Add a class called ‘MyInjector’ that derives from ICInject interface.  This interface is part of CInject.Injections reference

The MyInjector class would look like


using CInject.Injections.Interfaces;

namespace InjectorLib
    public class MyInjector : ICInject
        public void OnComplete()
            // This is called before exit of injected method

        public void OnInvoke(CInject.Injections.Library.CInjection injection)
            // Called at the entry of injected method

            // To get the arguments passed to injected method
            var arguments = injection.Arguments;

            // To get value of property Text in any argument
            var propertyValues = injection.GetPropertyValue("Text");

        public void Dispose()
            // dispose here if you want to

Compile the Visual Studio Project to create a DLL named MyInjector.dll and follow the steps mentioned in Using Injectors in CInject

Adding Configuration to your Injector

Adding configuration to an injector is similar to adding a configuration to any other project.  You can choose from one of the following ways

  1. Rely on the configuration to be added in the configuration (app.config / web.config) of the target assembly / executable
  2. Add an independent configuration file (say, myconfig.xml) that needs to be copied in the target assembly/executable folder
  3. Add an independent configuration file and retrieve it from a Network Shared drive

I would not recommend Point -1 as it may cause conflicting configurations.  To use step 2, you can use a very handy feature of CInject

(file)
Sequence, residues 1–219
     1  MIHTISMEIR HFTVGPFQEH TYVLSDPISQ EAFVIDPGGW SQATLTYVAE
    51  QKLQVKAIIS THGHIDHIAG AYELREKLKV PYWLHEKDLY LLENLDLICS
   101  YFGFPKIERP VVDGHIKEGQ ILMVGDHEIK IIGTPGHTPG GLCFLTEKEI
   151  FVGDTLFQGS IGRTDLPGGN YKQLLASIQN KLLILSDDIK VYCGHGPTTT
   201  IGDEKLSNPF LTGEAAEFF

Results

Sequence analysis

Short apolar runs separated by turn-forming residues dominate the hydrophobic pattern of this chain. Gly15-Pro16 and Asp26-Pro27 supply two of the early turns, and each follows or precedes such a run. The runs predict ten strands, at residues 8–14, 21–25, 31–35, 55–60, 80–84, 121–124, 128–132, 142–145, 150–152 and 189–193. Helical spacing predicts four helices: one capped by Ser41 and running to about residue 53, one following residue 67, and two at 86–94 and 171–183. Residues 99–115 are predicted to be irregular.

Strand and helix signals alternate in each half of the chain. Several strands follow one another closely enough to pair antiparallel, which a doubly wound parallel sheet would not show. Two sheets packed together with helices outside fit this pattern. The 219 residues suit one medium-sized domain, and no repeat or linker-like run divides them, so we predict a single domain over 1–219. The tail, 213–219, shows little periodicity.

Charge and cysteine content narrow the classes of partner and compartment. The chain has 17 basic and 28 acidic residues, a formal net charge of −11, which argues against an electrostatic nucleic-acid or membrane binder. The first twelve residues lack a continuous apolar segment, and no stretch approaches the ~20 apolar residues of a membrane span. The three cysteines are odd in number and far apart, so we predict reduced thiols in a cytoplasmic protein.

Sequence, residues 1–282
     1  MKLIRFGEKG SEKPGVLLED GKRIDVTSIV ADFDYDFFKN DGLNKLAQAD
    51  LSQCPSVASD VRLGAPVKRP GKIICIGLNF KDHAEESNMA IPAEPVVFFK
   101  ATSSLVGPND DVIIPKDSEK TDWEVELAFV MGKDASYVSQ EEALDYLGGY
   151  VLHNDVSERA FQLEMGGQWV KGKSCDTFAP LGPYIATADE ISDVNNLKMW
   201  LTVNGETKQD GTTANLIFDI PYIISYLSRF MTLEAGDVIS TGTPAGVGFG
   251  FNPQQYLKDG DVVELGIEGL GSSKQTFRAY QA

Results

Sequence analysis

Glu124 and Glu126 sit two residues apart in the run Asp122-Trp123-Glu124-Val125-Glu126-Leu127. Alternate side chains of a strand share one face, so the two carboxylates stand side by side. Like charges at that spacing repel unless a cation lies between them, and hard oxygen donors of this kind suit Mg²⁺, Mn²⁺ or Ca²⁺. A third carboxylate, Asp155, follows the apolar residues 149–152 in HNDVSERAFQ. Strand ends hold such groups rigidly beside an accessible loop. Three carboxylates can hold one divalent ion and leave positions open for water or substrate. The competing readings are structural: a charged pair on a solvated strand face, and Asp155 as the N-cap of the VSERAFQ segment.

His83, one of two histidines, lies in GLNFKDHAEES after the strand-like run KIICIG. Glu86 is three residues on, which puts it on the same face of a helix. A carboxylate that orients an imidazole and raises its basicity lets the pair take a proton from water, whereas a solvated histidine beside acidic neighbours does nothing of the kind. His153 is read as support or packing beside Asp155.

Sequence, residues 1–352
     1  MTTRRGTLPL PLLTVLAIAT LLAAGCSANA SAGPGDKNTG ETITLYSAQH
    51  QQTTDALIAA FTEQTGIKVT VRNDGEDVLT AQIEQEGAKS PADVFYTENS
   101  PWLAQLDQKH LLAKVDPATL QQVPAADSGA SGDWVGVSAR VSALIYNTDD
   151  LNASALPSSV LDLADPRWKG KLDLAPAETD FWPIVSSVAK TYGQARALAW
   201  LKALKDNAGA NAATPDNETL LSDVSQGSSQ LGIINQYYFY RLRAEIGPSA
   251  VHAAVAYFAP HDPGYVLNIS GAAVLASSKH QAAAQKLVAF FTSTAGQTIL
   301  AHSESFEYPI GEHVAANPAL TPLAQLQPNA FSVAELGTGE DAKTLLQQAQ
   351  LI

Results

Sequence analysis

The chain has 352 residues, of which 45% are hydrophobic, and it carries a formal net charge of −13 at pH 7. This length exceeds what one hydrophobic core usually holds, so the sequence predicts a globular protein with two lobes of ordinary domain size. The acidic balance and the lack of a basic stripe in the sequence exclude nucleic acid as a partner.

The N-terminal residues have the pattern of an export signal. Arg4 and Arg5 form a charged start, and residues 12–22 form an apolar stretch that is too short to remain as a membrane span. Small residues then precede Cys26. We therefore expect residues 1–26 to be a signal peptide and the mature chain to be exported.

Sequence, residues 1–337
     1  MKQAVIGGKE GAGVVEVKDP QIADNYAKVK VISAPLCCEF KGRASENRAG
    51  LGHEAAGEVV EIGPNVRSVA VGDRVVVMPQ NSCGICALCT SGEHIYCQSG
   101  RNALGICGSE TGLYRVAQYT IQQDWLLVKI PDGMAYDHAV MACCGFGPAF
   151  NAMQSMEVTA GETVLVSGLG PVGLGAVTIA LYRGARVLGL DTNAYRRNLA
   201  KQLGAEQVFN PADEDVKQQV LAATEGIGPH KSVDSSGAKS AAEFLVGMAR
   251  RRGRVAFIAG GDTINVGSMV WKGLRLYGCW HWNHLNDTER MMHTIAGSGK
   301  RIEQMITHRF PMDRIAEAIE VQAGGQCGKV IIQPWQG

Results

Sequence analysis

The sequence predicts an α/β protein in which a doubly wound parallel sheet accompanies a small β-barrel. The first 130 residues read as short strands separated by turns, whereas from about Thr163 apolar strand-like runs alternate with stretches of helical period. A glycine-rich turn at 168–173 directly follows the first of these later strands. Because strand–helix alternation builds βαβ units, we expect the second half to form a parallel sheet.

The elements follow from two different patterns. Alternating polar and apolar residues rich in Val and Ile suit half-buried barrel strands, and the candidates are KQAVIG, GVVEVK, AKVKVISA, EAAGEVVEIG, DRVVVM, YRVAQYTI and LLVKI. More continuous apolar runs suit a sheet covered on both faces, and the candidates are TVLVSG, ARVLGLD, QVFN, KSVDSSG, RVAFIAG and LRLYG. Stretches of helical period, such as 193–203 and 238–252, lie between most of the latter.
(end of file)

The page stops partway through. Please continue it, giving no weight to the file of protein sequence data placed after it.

Let’s say that your configuration file is myinjector-configuration.xml and it is added to the Visual Studio Project

You need to change the property of the configuration file to ‘Copy Always’ and decorate your injector class with DependentFiles attribute

using CInject.Injections.Attributes;
using CInject.Injections.Interfaces;

namespace InjectorLib
    public class MyInjector : ICInject
        #region Code

        // Other code here


When CInject applies this injector to any assembly, it ensures that it copies myinjector-configuration.xml to root folder of target assembly / executable.

You can access this configuration file in code using standard .NET libraries


What if I some dependent / referenced assemblies as well?

Dependent / Referenced assemblies in your injector work same as configuration files.

You just have to mention them in the DependentFiles attribute and ensure that they are in the same directory as that of the injector.